The bottom line is that the appearance of this strange effect is a result from the efforts being applied in order to reduce the level of crosstalk/ghosting we are getting on the more recent 3D monitors and in order to have less ghosting at the top and bottom of the screen as compared to the earlier models. As it was already mentioned, this strange behavior is observed only with extreme test conditions and should not be easily noticeable in real world usage scenarios. And the white banding in these test photos will most likely be something that we are going to be seeing a lot from now on in the new 3D monitors that are about to come later this year, but you should not be worried about that fact. The important thing is that we are getting less and less crosstalk/ghosting with newer 3D-capable LCDs, right… ;)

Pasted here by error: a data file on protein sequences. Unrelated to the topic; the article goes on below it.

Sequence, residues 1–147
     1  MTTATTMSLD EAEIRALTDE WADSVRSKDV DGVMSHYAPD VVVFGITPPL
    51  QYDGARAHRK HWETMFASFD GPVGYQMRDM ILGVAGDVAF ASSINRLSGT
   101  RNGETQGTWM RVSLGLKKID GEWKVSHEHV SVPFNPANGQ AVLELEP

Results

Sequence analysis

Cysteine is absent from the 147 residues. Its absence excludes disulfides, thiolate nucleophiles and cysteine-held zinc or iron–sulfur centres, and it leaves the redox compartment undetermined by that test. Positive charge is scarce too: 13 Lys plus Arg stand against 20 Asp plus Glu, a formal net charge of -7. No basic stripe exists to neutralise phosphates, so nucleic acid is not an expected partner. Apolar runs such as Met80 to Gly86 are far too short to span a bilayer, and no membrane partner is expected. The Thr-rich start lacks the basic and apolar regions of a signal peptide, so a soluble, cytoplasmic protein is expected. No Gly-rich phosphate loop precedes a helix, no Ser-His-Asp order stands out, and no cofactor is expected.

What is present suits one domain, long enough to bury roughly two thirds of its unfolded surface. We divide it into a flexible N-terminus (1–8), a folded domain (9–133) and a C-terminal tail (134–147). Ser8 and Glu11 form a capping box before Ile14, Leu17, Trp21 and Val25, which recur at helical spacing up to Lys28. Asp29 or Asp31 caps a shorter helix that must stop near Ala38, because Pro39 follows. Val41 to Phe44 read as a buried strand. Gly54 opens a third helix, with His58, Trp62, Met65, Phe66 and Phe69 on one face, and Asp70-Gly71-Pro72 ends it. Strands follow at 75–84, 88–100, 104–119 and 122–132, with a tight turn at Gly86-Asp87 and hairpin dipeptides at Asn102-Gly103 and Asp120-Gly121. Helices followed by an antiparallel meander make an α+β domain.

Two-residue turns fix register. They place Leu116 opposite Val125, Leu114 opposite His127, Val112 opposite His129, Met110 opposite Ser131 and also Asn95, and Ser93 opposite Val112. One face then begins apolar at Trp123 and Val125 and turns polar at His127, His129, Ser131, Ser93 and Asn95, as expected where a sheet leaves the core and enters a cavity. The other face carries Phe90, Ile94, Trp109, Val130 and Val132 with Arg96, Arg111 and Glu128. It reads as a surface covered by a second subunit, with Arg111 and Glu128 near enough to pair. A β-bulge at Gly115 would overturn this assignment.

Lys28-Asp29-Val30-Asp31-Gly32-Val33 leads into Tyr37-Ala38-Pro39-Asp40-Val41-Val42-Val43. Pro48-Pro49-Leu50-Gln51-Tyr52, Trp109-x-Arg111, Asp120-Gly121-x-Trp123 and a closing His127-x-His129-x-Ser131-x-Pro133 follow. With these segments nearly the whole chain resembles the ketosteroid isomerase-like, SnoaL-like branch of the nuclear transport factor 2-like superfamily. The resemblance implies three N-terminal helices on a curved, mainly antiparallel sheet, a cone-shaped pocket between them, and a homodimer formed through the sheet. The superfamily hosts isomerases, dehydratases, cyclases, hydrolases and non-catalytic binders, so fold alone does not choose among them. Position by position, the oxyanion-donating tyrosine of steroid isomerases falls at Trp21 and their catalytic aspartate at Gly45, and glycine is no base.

The crosstalk or ghosting of images (leaking of part of the image for the left eye into the right eye and vice versa) is a common problem with the current generation of 3D-capable 120Hz LCD monitors with different factors influencing it. One of the common issues is that the LCD panels are still not fast enough in terms of response time and because of that the monitor manufacturers resort to the so called Overdrive function (using more voltage to drive the pixel change state faster) in order to increase the pixel response rate. This works to some extent, but may as well lead to other issues like burnt colors resulting in colored ghosting visible in stereo 3D mode for example. Another common cause for ghosting is having brighter colors on darker backgrounds or vice versa, especially if the separation between the left and the right eye is higher. And then again there is the so called top and bottom ghosting that represents more ghosting on the top and at the bottom of the screen that is usually caused by not so good timing with the image on the screen and the shutter glasses. And since I’ve been trying different methods of reducing ghosting lately, here comes another effective solution that can help you reduce the ghosting when playing in stereo 3D mode with an Acer GD245HQ or Acer GD235HZ 120Hz LCD monitors. The solution is based on custom modifying the color temperature levels of the monitor from the Service Menu that is usually not available to the normal user, but you can call it if you know how to do it. The good news is that the same method might also work with the ViewSonic VX2268WM (I’m already working on that, so stay tuned), but will unfortunately not help the owners of the Samsung 2233RZ as the Service Menu of that model is not so good in terms of additional controls available.